Nor is there merit to respondent's contention (Br. in Opp. 26) that the Second Circuit's decision is supported by Hughes Aircraft Co. v. United States ex rel. Schumer, 520 U.S. 939, 946-951 (1997), where the Court held that jurisdictional statutes are subject to the presumption against retroactive application of federal statutes that was articulated in the second step of the Landgraf analysis. Although Hughes held that jurisdictional statutes establishing forums in which new causes of action may be heard are, like other statutes, subject to the presumption against retroactivity (see id. at 951), Hughes did not alter the test, set forth in Landgraf, for determining whether a statute is actually retroactive.7 As we have explained (p. 4, supra; Pet. 27), legislative changes in the bases on which aliens may be removed affect prospectively the aliens' future status in the United States. It follows a fortiori that changes in the bases on which an alien may be granted discretionary relief from removal also affect only a form of prospective relief and do not trigger retroactivity analysis under Landgraf. The court of appeals therefore erred in concluding that Congress's repeal of Section 1182(c) had retroactive effect.8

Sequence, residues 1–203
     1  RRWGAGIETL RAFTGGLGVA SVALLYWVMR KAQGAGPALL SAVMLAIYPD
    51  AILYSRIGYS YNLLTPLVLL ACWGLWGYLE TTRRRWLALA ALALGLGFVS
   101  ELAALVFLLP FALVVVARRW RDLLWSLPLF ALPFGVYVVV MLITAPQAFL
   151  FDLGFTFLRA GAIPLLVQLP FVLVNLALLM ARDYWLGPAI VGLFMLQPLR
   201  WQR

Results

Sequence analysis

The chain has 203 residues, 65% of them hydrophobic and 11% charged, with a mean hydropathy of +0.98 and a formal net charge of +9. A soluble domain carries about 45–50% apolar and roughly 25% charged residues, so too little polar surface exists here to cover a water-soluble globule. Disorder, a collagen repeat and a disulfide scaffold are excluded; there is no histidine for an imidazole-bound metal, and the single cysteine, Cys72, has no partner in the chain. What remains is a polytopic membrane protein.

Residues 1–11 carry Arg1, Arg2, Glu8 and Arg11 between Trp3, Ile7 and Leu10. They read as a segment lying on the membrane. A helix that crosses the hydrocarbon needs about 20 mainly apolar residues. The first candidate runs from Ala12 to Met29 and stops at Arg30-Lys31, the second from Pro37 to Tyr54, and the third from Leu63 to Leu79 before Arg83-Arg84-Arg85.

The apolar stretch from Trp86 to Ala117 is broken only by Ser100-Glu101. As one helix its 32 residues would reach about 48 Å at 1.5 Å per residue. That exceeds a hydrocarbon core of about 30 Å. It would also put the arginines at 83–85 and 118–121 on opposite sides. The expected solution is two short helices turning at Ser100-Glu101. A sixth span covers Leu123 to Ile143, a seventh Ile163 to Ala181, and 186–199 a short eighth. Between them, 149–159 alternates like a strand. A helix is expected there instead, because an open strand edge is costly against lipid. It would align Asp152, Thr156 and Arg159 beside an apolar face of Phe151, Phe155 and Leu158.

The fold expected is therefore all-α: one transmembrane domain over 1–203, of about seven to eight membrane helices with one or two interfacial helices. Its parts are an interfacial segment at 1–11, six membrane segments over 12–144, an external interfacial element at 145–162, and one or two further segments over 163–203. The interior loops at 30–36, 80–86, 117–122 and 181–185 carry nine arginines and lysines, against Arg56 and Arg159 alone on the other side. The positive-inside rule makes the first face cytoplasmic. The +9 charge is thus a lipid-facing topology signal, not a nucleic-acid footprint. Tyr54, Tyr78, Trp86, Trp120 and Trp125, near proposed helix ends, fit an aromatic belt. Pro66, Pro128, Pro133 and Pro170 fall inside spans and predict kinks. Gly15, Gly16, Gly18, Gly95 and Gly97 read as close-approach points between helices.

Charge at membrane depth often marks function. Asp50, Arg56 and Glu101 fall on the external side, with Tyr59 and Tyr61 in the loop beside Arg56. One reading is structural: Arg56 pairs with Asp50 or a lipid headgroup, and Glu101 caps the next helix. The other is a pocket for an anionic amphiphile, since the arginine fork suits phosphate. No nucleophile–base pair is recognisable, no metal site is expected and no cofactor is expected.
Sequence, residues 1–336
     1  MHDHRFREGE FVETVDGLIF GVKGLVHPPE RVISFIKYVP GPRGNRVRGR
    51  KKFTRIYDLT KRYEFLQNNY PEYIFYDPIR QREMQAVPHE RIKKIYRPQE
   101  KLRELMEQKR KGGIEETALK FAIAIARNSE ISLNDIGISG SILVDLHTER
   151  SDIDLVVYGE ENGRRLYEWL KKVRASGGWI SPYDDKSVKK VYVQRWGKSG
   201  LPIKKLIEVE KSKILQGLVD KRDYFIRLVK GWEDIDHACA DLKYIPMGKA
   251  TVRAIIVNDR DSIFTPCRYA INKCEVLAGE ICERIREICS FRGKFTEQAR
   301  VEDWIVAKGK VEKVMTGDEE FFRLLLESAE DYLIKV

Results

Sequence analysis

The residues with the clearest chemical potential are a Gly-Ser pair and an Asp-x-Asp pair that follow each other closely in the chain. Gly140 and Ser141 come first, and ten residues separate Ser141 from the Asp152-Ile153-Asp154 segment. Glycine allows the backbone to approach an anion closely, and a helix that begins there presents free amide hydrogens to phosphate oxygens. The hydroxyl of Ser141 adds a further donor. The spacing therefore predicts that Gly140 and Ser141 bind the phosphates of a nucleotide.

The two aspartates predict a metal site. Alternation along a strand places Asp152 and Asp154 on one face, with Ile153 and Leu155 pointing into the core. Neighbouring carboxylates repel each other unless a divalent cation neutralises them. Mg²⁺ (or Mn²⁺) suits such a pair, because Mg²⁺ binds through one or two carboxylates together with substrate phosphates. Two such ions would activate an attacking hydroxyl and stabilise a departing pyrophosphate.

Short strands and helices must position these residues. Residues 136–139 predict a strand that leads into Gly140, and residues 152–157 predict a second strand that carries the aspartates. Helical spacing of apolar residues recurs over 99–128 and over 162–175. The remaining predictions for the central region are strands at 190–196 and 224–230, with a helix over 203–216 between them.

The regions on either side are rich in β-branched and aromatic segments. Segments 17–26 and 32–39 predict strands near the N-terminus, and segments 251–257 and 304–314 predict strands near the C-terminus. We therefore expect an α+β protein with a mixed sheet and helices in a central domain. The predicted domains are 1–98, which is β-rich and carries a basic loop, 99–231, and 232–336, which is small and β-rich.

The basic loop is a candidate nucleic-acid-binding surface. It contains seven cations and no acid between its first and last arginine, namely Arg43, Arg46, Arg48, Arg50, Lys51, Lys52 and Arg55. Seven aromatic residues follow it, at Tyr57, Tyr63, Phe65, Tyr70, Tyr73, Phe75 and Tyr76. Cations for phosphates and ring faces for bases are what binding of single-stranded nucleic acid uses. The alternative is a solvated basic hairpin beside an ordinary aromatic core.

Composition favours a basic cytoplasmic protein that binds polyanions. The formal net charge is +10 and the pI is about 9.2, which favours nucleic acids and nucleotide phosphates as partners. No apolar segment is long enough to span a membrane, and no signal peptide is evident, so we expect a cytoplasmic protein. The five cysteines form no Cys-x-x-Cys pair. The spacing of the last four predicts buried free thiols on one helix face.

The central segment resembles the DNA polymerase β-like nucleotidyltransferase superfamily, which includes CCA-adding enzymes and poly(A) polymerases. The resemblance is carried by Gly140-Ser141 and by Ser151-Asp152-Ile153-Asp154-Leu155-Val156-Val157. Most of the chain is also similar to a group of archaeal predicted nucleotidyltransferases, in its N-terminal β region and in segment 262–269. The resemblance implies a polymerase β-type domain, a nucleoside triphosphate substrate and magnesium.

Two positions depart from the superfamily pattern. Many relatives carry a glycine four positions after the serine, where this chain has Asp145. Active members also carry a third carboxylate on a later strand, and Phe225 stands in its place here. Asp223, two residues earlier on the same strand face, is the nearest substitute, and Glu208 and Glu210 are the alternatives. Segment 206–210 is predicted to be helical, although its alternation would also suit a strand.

Finally, review is warranted on the court of appeals' ruling on the merits in this case to bring to an end the burgeoning litigation in the lower courts over the continued availability of relief under former Section 1182(c) for aliens placed in removal proceedings after that provision was repealed by Congress. As we note in the certiorari petition (at 29-30), dozens of aliens have already challenged their removal orders contending that they are eligible for discretionary relief under Section 1182(c), and thousands of other aliens are potentially affected by the issue and may challenge their removal orders in court. A delay in the definitive resolution of this issue will inevitably postpone the removal of criminal aliens, especially those convicted of aggravated felonies, who were among the principal objects of Congress's efforts to provide for expeditious removal.